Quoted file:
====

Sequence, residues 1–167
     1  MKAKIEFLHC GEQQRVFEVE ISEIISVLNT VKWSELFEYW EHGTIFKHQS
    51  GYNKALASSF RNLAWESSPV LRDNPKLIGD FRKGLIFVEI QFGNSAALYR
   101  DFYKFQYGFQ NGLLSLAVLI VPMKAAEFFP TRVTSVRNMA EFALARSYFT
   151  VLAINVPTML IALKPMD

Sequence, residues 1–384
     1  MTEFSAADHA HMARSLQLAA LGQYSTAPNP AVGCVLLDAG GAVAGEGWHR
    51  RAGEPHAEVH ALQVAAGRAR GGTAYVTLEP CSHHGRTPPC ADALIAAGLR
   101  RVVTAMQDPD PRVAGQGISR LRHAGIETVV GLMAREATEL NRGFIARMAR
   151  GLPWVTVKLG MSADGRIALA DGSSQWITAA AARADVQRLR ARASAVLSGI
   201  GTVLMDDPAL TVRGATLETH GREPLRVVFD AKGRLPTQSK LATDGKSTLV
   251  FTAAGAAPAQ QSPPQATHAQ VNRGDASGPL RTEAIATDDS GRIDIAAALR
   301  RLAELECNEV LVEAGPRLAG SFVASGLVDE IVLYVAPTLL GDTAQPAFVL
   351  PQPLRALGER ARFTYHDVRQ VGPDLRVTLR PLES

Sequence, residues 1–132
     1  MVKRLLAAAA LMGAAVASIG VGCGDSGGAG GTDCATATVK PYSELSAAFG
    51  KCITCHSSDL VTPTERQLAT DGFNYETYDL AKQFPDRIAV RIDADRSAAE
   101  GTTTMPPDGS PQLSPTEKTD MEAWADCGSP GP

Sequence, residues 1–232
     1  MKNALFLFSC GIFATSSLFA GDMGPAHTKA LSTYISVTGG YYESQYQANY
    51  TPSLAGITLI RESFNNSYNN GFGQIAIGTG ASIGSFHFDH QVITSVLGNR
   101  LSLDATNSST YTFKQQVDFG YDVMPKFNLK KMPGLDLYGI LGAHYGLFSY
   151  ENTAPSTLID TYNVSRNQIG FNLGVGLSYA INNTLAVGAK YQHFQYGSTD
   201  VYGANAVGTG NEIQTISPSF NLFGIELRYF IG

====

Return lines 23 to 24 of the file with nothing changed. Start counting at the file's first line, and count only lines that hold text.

   151  ENTAPSTLID TYNVSRNQIG FNLGVGLSYA INNTLAVGAK YQHFQYGSTD
   201  VYGANAVGTG NEIQTISPSF NLFGIELRYF IG